Academic journal article The Hudson Review

When We Talk about Death

Academic journal article The Hudson Review

When We Talk about Death

Article excerpt

When We Talk About Death

In brief, much that we take as observations about "reality" may be but the spinning out of possibilities implicit in our choice of terms.

-Kenneth Burke, "Terministic Screens"

Most of the books chronicled here have something to do with death. But, "terministic" or "terminal," they are finally the expressions of their expressions, are they not? Death may be, as Stephen Jay Gould once said, one of the unfortunate biological realities we live with, but there have been no credible witnesses who have returned from that remote precinct to tell us about it, so while it may sometimes be "the mother of beauty" or, perhaps more often, the father of dread, its depiction is almost inevitably an exercise in imagination, rhetorical, as Burke says, "spinning out . . . the possibilities implicit in our choice of terms."

In Zero i0 for example, Don DeLillo not only continues his high postmodern and apocalyptic observations about the current state of life-and death-but also stresses how an awareness of such things is driven by words. So, a dying woman (or is she already dead?) in a cryogenic state is imagined to imagine: "Am I someone or is it just the words themselves that make me think I'm someone. . . . Are the words themselves all there is. Am I just the words." And the principal narrator, Jeffrey Lockhart, a complicated and troubled young man who grew up obsessed with words and definitions, finds himself trapped in a haze of uncertainty as a "Systems manager at a networking site. Human resource planner-global mobility" or "Solutions research manager-simulations models" or a "Compliance and Ethics Officer" at a community college engaged in performing "the requisite duties and conform [ing] to the indigenous language."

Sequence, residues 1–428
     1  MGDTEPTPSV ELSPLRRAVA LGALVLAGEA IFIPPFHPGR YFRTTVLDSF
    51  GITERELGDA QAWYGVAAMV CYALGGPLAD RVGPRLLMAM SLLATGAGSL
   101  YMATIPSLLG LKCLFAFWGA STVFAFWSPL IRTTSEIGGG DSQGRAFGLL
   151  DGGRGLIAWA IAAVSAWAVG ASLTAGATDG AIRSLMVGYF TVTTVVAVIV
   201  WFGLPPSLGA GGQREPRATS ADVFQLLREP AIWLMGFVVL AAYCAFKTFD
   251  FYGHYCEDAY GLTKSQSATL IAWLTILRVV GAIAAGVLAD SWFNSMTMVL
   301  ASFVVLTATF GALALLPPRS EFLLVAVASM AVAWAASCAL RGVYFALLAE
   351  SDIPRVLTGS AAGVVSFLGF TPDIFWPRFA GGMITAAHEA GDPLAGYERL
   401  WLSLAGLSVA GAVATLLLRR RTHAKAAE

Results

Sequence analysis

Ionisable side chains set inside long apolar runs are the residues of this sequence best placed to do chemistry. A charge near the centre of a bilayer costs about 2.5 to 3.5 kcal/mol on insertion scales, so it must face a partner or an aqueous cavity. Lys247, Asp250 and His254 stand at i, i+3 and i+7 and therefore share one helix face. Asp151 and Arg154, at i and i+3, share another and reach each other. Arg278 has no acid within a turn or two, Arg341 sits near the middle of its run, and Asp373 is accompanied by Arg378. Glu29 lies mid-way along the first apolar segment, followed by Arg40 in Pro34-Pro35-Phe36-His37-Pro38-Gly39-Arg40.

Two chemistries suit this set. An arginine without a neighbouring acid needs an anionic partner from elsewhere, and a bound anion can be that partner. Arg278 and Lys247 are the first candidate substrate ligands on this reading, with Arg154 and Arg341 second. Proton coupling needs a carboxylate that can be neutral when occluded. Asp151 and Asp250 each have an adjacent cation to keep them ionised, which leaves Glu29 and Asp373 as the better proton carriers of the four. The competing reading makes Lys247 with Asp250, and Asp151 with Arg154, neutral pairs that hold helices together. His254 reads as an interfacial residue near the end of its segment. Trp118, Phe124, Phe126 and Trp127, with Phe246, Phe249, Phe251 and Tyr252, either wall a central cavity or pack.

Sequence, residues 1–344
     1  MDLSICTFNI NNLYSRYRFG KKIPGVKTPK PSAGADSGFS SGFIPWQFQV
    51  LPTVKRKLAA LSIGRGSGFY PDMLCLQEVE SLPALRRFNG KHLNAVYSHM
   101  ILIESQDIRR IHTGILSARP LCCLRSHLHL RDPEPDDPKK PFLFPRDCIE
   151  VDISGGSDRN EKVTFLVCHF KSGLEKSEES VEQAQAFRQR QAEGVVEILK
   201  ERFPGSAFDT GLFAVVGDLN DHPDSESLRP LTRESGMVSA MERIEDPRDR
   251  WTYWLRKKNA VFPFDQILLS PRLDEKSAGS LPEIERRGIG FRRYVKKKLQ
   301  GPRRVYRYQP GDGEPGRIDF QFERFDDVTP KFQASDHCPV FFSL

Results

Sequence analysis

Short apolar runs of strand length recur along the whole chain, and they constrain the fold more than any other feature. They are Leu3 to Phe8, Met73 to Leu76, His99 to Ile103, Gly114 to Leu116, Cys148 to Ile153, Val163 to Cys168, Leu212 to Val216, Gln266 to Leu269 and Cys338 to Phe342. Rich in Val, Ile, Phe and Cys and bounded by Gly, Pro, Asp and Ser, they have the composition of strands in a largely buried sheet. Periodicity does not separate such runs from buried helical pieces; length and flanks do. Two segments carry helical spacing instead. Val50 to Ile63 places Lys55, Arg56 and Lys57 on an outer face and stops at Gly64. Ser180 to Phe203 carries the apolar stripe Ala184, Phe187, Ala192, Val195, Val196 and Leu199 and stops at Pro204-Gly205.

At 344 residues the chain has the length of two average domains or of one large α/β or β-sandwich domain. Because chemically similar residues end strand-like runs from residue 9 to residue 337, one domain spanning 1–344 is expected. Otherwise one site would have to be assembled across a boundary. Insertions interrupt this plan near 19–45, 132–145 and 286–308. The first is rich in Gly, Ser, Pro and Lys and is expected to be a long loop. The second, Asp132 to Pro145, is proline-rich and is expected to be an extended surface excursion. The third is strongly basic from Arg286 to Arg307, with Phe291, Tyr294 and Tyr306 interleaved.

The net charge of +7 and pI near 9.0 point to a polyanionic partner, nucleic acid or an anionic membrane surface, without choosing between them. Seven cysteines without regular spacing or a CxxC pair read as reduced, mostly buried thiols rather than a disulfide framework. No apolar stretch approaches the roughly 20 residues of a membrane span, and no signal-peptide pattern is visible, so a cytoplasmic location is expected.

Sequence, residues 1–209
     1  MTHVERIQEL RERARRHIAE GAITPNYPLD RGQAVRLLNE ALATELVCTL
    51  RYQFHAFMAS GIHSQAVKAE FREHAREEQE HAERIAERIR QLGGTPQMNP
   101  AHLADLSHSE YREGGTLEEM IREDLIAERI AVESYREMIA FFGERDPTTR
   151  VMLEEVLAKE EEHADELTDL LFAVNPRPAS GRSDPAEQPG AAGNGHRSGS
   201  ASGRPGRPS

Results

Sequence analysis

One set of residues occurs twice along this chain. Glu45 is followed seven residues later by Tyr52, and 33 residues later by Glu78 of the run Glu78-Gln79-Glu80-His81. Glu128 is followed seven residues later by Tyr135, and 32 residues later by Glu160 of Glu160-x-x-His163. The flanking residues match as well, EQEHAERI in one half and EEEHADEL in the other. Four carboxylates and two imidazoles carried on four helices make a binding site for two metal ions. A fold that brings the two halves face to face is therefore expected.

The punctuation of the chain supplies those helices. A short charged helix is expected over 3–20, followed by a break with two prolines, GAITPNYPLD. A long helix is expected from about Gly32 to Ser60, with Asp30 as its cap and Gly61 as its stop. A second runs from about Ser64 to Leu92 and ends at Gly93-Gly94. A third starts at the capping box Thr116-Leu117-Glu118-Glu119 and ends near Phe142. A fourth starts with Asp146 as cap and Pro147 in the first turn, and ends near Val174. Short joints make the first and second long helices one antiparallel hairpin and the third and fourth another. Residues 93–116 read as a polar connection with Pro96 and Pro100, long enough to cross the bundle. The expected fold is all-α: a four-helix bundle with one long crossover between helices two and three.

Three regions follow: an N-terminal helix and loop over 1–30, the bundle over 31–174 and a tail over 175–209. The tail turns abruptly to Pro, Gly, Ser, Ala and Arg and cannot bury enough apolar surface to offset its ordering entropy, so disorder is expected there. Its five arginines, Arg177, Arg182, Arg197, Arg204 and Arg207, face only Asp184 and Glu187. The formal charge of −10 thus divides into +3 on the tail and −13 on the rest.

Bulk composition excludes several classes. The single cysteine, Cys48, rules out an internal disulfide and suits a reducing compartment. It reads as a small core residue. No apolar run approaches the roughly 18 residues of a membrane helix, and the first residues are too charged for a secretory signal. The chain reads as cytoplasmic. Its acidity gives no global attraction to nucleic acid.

Lockhart's uncertainty about self and self-definition, language and its construction of reality, is consistent with the larger mechanisms of the plot, in which his billionaire father, a private wealth management expert in dynasty trusts and emerging markets, has helped to underwrite the Convergence, a cryogenic facility buried deep in the Kazakh desert where he and others like him may indulge their fantasies of immortality which they hope to achieve by being frozen for an indefinite time. What's critical is that the Convergence is an argument, a sales pitch based on future rewards-as uncertain as they are familiar to the overcapitalized rich-a transhuman fantasy and ultimate gated community where, pampered and protected, they will be shielded from outside riots, wars, starvation, and natural disasters (real or staged?) which they watch on conveniently-located flat-screen TVs. The Convergence's quiet, lengthy gray halls, arrayed with technical devices, and haunted by robed figures (scientists or philosophers?) would remind you of nothing so much as a set from Star Trek or the desert control center from Spectre, but their point is to get you to buy in.

DeLillo's style seems intentionally flat, abstract, and parabolic, where Zero K (which stands for zero degrees Kelvin, the temperature at which all motion ceases) becomes a metaphor for the state of our current cultural and political evolution. His obsession with language and constructed meaning comes closest to the message in his earlier novel, The Names (1982), which was set in deserted landscapes of the Middle East and depicted a series of cult murders based on the random coincidence of victims' initials and coordinates on maps. Its protagonist fames Axton (is he a risk management consultant or an agent for the CIA?) shares Jeffrey Lockhart's uncertainty about the dying culture we apparently live in. Each has a similar distrust of all univocal and messianic types, visionary salesmen who want to deprive us of the rich complexity of the world as it exists, its constant babble of words colliding, enlivening, and enriching themselves, "sheer sound, part of the noise" of human activity, apart from the drift toward fixity and death. …

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